Spring 2020 saw the human experience change dramatically, as the global population faced the most alarming health crisis in generations. Social distancing saw the end of countless lectures, summits, concerts and more. With this, uncertainty for events organisers was inevitable.
Across all industries, organisers were forced to reconfigure thousands of scheduled events. To avoid cancelling or postponing, it was time to find alternative solutions.
We live in a digital age. We have the right platforms, tools and equipment to stay in touch with our loved ones in our personal lives and maintain good communication with our team members, partners and clients in professional life. For many industries, these technologies meant that with small tweaks they were able to deliver service to the people and arrange events in which they have invested significantly, even during the midst of a global pandemic.
Video meet ups are nothing new. Vloggers, gamers and influencers have been practising live streaming on the internet and various social media platforms for years. Equally, artists are entertaining fans all over the world with at-home performances and concerts. Perhaps it is time for events to thrive under the same conditions.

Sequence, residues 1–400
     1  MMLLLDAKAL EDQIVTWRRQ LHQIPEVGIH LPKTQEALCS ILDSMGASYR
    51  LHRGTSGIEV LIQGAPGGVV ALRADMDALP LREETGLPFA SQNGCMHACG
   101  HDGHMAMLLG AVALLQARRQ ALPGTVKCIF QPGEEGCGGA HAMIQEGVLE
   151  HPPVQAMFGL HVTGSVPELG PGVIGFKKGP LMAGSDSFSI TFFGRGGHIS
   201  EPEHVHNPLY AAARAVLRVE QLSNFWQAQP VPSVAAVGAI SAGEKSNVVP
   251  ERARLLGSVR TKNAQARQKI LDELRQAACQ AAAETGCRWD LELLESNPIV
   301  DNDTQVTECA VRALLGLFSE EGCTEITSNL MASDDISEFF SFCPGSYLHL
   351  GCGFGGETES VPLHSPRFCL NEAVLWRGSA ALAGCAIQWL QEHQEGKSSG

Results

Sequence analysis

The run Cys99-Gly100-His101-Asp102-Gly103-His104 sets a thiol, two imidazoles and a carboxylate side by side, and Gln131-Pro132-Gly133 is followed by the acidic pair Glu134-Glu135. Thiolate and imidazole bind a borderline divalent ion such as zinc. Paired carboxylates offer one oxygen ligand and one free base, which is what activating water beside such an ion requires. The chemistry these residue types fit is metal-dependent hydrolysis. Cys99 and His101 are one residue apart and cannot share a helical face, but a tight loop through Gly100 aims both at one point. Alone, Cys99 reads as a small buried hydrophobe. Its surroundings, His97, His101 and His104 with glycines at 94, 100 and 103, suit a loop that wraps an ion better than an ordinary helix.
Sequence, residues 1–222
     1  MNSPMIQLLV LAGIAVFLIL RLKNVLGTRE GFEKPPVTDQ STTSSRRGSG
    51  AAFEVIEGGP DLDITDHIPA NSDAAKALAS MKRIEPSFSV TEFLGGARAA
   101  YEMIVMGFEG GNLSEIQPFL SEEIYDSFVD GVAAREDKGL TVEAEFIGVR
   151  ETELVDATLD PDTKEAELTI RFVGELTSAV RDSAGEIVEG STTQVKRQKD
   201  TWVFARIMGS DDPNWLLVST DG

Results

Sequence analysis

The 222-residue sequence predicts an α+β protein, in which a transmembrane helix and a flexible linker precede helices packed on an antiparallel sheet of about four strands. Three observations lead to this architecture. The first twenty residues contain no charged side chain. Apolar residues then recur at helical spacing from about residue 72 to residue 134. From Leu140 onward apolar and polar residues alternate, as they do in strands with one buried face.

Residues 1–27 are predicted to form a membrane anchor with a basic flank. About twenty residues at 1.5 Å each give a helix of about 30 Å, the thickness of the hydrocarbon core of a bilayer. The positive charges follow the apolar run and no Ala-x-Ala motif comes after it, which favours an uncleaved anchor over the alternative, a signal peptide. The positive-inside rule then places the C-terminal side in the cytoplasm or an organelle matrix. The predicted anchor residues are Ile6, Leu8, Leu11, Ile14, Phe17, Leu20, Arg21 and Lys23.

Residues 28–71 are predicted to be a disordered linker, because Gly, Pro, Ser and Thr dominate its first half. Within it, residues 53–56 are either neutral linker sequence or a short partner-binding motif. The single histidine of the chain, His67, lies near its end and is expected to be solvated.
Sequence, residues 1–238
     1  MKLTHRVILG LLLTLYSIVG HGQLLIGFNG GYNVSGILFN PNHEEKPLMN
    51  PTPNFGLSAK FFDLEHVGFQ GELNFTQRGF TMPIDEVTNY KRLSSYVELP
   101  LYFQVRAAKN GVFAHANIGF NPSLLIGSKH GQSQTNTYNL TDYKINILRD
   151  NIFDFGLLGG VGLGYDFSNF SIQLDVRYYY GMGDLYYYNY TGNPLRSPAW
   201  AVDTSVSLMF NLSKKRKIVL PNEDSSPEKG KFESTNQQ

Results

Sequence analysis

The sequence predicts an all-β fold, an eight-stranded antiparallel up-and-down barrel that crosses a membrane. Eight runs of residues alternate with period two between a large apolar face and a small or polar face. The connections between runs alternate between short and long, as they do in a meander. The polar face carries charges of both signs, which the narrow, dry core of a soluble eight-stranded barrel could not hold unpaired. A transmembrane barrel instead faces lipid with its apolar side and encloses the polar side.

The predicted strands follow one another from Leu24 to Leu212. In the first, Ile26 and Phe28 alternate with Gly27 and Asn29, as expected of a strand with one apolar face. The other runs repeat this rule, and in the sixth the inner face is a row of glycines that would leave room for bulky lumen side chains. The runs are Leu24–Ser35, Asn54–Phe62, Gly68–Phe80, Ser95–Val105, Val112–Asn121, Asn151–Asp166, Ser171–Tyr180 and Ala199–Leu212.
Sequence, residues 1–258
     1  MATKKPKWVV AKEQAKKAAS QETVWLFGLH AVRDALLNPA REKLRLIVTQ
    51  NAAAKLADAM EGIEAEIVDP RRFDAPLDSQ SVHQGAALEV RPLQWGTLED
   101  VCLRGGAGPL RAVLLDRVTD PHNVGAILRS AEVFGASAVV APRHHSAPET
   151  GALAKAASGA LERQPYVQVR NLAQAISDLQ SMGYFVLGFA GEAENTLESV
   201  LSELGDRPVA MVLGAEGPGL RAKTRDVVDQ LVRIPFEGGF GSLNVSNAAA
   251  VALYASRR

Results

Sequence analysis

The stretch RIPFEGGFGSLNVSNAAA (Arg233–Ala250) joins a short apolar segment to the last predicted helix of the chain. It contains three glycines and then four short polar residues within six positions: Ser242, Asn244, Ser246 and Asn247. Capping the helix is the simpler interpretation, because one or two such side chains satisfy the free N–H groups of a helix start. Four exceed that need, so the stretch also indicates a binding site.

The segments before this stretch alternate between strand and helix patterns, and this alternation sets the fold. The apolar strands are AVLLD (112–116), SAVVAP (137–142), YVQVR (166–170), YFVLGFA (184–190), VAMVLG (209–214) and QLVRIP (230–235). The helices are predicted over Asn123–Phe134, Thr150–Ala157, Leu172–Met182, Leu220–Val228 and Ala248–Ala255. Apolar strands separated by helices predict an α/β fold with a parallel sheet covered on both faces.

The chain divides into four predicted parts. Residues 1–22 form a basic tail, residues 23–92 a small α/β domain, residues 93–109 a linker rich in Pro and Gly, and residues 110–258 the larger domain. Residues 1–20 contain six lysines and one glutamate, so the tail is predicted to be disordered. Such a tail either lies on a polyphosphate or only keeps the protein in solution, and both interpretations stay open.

Events are a vital part of engaging clients and partners, so the stakes are high. But organisations need to not be worried when there is so much to embrace about virtual events.
The first and most obvious advantage is cost, finding a decent venue for a reasonable price can be challenging, and so a digital event might be equally effective and far less expensive.
A successful event requires a lot of preparation from the presenters, and even hard-boiled professionals might experience stage fright, especially if the audience is not fully focused. ‘Home sweet home’ is not just a phrase on decorative elements, it represents the comfort zone and that is why the pace of virtual events may feel more genuine and run more smoothly.
It might be challenging to have every speaker present during an event. But, with virtual events, the pre-recorded material certainly adds more permanent value and has the potential to be more informative. Part-live and part-recorded hybrid virtual events have proved that attendees tend to be more focused on the presented topics, and more frequently take part in polling questions and post-event surveys.
Virtual events are often recorded and are available as on-demand for the registrants who could not join the event, as well for the others who are interested on the respective topic. So, it’s a win-win for everyone.
The ‘new normal’ has given us a lot of interesting opportunities on hosting events online. If you want to learn more about virtual events — drop us a line!